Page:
Kennedys DE&I leader on the key takeaways of Dive In 2023
Assessing the full power of both diversity and inclusion
A sociolinguist by training, the link between language and society has long been of interest to Dr Marianne Blattès (pictured), global diversity, equity and inclusion (DE&I) senior manager at Kennedys, forming the foundation for her route into translating DE&I research into action. Those interested in how language is impacted by social factors such as gender, class and ethnicity have few better viewing stations than the Dive In Festival and its host of global events.
“To see the worldwide engagement with Dive In – with events from Peru, to London, to Hong Kong is a powerful thing,” she said. “Also what’s quite interesting about Dive In is that some of the events are done in local languages, and having people talk about their topics in their first language is important in terms of accessibility and global reach.”
Introduction to Dive In
Blattès introduction to the festival – which is one of the largest DE&I events of its kind – came when she joined Kennedys in 2021 and she quickly became involved, soon helping to organize and promote events and the wider festival. The global nature of the festival is quite extraordinary, she said, as it enables attendees to learn about the diversity issues prioritized in different countries, as well as to develop a stronger understanding of how the industry can work as one to move the dial on DE&I.
“At its core is collaboration,” she said. “To put together an event you have several organizations coming together. And that’s quite an innovative way of thinking about things because, historically, people like me worked within our own organizations trying to solve diversity problems. But really what we should be doing is collaborating and talking with our peers and coming up with collective solutions to common problems.
“So it’s really helpful to meet people from other organizations, hear that they’re probably going through similar challenges – and then to come together through thought leadership and putting together events to raise awareness about different topics.”
The evolution of Dive In
Touching on how the initiative has evolved in terms of its reach, visibility and engagement, she noted that since 2015 over 128,000 people have participated in the Dive In Festival. As a member of the festival’s steering committee, Blattès highlighted the ongoing commitment to continually redefine and refine the festival, to improve it year-on-year and ensure it remains as impactful as possible.
For example, she said, this year has seen the implementation of a ‘reverse mentoring scheme’ which sees junior colleagues mentoring their more senior peers on a range of timely topics. When signing up, the attendee can choose a topic – whether that’s talking about their lived experience coming from an ethnic minority background, or talking about technology etc. – and it’s aimed at bringing together people who might not otherwise have the chance to interact and network in this way.
“We’ve actually implemented something quite similar at Kennedys which we have called “reciprocal mentoring” and it’s a great way of fostering greater understanding,” she said. “It’s good to see how some senior insurance leaders are taking [the spirit of Dive In] further than just showing up to an event and actively taking part in a six-month program where they have to commit to meeting their mentee for up to an hour a month.”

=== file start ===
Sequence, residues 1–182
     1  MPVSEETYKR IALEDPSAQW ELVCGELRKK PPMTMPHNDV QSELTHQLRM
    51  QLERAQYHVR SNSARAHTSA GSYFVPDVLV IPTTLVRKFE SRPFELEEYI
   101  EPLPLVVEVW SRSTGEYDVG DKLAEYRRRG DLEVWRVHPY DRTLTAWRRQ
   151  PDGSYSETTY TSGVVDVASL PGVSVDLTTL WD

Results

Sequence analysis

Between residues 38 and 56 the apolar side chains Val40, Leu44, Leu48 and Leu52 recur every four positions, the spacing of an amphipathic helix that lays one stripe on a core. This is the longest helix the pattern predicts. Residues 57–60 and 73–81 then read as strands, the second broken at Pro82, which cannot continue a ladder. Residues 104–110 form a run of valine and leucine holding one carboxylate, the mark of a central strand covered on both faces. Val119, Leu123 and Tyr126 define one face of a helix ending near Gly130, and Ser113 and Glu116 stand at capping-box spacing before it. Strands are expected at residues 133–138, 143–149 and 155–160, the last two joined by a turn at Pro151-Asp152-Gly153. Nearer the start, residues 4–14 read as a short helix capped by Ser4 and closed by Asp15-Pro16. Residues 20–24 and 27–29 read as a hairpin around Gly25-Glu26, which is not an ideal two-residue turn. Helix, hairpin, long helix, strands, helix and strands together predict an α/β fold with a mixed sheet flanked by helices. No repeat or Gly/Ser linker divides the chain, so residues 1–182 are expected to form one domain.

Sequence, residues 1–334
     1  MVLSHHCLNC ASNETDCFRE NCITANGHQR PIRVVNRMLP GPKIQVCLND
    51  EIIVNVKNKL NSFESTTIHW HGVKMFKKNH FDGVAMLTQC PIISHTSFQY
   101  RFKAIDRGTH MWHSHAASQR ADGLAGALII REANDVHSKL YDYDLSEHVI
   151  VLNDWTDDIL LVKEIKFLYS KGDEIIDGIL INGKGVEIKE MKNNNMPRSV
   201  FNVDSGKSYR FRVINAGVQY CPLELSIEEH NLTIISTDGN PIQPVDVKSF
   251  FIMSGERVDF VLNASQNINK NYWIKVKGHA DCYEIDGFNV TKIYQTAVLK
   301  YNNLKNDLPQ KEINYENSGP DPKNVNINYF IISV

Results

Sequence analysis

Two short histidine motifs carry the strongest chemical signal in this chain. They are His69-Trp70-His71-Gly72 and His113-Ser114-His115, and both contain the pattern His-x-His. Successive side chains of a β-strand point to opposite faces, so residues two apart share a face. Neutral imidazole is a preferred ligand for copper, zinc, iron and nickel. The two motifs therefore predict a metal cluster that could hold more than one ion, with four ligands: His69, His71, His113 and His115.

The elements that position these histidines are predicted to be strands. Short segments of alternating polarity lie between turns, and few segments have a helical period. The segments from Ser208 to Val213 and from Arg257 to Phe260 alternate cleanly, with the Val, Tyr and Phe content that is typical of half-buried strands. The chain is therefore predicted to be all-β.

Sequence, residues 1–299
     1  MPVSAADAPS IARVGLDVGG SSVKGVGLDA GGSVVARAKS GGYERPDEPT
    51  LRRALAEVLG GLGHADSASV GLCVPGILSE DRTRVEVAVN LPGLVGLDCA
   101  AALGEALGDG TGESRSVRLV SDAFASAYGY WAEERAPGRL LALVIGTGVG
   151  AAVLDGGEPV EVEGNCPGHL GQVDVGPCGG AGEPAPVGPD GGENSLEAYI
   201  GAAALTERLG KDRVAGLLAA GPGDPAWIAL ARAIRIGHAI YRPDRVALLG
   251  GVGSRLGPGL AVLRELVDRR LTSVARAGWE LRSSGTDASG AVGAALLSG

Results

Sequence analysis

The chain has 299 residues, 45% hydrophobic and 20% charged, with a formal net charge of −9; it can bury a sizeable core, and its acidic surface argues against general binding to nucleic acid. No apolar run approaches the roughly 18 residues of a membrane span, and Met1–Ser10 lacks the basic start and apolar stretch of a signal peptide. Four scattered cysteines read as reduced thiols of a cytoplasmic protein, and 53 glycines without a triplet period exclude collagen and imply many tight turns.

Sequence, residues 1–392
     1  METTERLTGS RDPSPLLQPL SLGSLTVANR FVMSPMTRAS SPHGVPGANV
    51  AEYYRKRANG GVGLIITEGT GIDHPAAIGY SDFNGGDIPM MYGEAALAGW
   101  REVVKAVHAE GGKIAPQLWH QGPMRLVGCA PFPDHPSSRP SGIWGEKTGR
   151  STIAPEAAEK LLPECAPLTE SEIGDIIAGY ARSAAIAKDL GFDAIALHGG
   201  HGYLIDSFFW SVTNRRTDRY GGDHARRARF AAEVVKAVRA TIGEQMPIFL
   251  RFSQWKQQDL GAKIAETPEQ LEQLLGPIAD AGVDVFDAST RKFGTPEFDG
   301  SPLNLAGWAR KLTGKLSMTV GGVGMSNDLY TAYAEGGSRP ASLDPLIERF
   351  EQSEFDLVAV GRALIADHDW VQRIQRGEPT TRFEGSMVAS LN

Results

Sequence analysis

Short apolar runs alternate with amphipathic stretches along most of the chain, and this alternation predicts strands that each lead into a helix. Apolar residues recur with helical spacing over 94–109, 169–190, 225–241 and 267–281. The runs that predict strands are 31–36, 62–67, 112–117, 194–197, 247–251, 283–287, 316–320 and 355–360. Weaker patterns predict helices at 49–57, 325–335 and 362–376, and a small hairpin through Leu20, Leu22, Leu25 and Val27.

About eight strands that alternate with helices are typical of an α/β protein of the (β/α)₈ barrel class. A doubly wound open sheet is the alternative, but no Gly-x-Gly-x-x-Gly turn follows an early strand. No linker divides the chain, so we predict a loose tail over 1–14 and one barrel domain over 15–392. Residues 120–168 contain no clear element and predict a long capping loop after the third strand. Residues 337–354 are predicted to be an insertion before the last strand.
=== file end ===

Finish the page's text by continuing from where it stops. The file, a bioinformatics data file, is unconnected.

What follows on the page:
The reverse mentoring program is an interesting example of the ongoing evolution of Dive In to become as meaningful and actionable as possible, she said, an evolution which is very in keeping with this year’s theme of “Unlocking Innovation: The Power of Inclusion”. For Blattès, unlocking innovation is about accessing a wider talent pool and tapping into a more diverse group of people who bring different skills and experiences to bear.
Collectively, she said, those different backgrounds bring different perspectives, which leads to better problem-solving. She firmly believes that a diverse team offers a richer, more nuanced understanding of how to solve even the most complex problems.
“It’s not really rocket science,” she said. “If you’ve got 10 people in the room, all coming from similar backgrounds with similar skills, that’s not going to be as rich as people who come with various experiences, various linguistic backgrounds, perspectives, religions, or simply from different walks of life.”
Diversity with inclusion
That’s the innovation part of Dive In’s 2023 theme, she said, but diversity without inclusion doesn’t really make much sense. The inclusion element is critical, and for her, it’s about organizations ensuring a sense of belonging among their people, and committing to their psychological safety so they feel valued and respected, and able to voice and share their thoughts, opinions and perspectives.
“It’s about really harnessing that talent, and unlocking the diversity and the potential to reap the benefits of diversity,” she said. “People often talk about the business case for diversity, but I always say, actually, it’s the business case for diversity and inclusion, because, without the inclusion piece, you don’t really get the full benefits of diversity.
“[…] And for me, that’s the key takeaway of Dive In 2023. It’s not a one-off but it’s about taking away some tangible actions and outcomes from these events, whether that’s personally or to use within your organization. It’s about implementing what you’ve learned or just bringing it with you and sharing it with others. That’s the value of the festival, it’s meant to drive change, to drive a more inclusive agenda and it’s meant to diversify the industry. It’s about turning thoughts and ideas into actions.”
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